The Webstalker project doesn’t sound as a very safe environment for the Internet user as well. Graham Harwood, Stephen Metcalf, Scanner and Marc Amerika created this project. It is an example of bottom-up development carried out by artists going against the dominant trend. The creative team behind the project promises that it will ‘reshape the internet’ by offering ‘fast and dirty’, ‘high-protein access’ to online media. Webstalker is a browser that imitates the structure of the Internet. When the user types in a WWW-address, the page appears as an HTML-code while the hyperlinks are presented as graphics. The project demonstrates a simple and reduced alternative to Explorer an others, and makes available a mechanism that can be used to investigate the structural depths of the web.
These projects where personal data are being used for creative purposes don’t seem very promising for the common civilian, the common Internet user. Do we have to worry about our personal data being used? According to Marc Tuters it is not like George Orwell described, that we are constantly being watched like in the society of control of Gilles Deleuze. Artists a rather making a game out of it, this way it is fun to participate. For example, Bloggers are rather trying to get their feelings on We Feel Fine, instead of avoiding sentences with ‘feel’ or ‘feeling’.
One final interesting project regarding data visualization is Britglypgh, created by Alfie Dennen. The execution of the project took place from December 2008 till March 2009. He had the idea of using modern technologies to create a Geoglyph and created a platform were people could join to be part of Britglyph. The people, who signed up for participating, were instructed to travel to specific locations across the United Kingdom and bring a stone that they took from their hometown. The Participants used their mobile phones to get the coordinates right. When they arrived at the designated spot, they took a picture or video of themselves and the rock and uploaded it to the Britglyph website. On the 11th of March 2009 the final rock was added and video was uploaded. After all the media was added to the website, the image of a watch and chain was drawn and the rocks creating a Geoglyph in the physical world. Here on the website we can see the image of the watch and chain on the map of the United Kingdom. Britglyph won the Experimental and Innovation Award at the Webbys 2009.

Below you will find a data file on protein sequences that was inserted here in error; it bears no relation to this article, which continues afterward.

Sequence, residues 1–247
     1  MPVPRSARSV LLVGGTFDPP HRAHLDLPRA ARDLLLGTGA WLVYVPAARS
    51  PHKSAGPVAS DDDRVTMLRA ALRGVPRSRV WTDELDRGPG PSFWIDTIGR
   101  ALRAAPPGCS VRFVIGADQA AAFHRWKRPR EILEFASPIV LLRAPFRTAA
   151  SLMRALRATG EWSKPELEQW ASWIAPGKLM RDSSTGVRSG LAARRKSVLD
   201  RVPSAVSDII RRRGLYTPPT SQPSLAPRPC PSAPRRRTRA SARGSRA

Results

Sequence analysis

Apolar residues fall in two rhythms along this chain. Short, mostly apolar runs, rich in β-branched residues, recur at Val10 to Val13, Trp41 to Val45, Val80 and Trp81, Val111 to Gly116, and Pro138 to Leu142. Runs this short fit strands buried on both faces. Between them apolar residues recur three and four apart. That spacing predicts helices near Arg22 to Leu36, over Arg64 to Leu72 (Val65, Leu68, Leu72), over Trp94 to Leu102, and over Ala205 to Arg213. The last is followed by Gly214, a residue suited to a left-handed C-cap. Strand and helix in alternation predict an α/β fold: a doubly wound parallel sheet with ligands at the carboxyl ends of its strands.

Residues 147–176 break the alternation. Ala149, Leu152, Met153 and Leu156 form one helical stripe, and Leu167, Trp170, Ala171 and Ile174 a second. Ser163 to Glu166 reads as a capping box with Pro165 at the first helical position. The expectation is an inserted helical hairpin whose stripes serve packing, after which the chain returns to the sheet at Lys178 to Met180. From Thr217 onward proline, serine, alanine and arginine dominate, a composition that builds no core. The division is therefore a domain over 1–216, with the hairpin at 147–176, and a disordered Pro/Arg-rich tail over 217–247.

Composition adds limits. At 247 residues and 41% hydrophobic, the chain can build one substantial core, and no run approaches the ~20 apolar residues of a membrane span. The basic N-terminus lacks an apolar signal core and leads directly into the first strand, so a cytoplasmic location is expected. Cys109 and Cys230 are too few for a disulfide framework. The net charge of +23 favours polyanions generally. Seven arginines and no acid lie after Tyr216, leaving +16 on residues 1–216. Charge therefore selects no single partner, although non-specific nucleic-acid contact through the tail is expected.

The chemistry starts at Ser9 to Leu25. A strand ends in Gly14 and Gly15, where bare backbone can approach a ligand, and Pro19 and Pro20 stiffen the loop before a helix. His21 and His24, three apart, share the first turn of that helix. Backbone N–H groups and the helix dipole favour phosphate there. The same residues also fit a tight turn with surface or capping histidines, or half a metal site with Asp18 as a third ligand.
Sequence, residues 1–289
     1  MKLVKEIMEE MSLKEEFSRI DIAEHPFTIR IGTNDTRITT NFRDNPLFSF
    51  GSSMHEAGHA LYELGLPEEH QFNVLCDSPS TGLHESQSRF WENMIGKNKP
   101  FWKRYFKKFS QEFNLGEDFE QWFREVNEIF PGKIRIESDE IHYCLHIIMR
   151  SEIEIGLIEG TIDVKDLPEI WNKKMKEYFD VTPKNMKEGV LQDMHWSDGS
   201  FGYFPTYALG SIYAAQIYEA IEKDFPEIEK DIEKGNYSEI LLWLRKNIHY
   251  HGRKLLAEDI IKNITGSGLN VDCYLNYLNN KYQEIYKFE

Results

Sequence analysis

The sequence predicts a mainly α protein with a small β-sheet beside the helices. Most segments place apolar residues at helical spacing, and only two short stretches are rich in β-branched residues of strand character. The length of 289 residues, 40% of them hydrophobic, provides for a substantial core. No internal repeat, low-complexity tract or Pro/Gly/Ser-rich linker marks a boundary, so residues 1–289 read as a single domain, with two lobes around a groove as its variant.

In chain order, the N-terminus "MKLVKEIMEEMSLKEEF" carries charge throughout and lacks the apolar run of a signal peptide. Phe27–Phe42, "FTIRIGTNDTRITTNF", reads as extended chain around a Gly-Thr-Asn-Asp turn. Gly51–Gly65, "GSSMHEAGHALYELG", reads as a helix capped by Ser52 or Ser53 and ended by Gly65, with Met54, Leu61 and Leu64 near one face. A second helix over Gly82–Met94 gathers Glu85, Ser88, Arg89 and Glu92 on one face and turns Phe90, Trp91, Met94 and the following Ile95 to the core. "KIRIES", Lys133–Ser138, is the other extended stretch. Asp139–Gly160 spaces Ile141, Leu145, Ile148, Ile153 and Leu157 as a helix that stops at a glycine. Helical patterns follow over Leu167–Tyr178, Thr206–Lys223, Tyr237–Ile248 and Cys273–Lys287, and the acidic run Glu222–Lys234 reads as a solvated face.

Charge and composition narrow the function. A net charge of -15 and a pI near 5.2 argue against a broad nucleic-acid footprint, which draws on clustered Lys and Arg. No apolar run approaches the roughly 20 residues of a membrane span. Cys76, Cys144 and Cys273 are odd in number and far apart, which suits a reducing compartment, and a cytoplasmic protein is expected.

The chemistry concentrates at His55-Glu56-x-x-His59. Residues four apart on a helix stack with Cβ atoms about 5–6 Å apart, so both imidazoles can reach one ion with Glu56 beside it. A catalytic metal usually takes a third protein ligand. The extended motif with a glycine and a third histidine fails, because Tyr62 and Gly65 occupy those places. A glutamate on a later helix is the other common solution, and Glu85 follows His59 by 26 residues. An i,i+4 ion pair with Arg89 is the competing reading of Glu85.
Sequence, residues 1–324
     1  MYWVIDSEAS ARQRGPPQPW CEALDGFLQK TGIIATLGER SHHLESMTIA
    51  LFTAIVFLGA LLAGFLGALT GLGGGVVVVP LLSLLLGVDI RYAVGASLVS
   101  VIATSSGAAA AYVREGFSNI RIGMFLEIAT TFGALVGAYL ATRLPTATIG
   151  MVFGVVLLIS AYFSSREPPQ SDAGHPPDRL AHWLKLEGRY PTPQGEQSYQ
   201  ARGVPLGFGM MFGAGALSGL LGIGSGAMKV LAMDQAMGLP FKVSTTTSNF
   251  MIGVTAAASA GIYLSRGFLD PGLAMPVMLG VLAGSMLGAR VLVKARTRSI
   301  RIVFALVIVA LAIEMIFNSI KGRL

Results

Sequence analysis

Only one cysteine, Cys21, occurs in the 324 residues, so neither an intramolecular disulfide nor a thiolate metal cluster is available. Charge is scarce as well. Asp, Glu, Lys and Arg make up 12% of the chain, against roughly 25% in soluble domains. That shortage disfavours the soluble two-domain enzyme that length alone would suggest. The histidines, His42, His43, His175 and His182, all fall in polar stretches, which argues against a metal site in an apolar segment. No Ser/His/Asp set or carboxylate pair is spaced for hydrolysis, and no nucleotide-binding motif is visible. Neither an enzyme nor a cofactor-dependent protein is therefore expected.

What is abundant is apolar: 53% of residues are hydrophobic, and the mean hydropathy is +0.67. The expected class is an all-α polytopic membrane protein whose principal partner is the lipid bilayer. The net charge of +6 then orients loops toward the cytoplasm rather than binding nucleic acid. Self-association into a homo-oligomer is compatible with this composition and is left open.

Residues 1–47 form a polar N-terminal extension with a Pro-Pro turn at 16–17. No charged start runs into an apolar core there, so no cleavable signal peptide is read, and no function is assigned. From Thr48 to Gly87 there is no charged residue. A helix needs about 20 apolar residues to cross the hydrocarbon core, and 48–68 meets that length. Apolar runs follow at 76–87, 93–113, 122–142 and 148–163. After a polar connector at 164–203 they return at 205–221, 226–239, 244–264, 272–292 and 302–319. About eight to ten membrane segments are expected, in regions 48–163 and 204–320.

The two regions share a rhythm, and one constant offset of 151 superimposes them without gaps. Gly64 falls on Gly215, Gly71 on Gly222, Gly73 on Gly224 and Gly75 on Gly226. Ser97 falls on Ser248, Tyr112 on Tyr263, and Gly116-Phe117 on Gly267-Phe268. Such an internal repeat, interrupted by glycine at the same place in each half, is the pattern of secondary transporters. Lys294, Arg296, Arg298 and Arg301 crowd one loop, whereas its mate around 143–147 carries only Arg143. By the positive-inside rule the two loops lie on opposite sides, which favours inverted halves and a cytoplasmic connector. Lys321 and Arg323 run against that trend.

These are all quite familiar and straightforward examples, but there is a more ways to look at augmented reality and data visualisation. This is best illustrated with the example of Uluru. This is a large sandstone rock formation in Australia. Not every space or object is considered a part of an augmented reality. It is sometimes not even considered art. But some features of nature or our cultures should most certainly be considered augmented space, although they don’t look like one in the first place. Uluru is one of those places.
As Russel writes in the Headmap Manifesto: ‘Many Europeans have spoken of the uniformity and featurelessness of the Australian landscape. The Aborigines, however, see the landscape in a totally different way. Every feature of the landscape is known and has a meaning – they then perceive differences, which Europeans cannot see. The differences may be in terms of detail or in terms of a magical or invisible landscape.’ (Russell, 1999:9) From this perspective Uluru is an augmented space; it has features, which cannot be perceived with the naked eye. Every aspect, every feature of it is linked to a significant myth and the mythological beings who created it. These extra layers make it as augmented as any other object discussed before.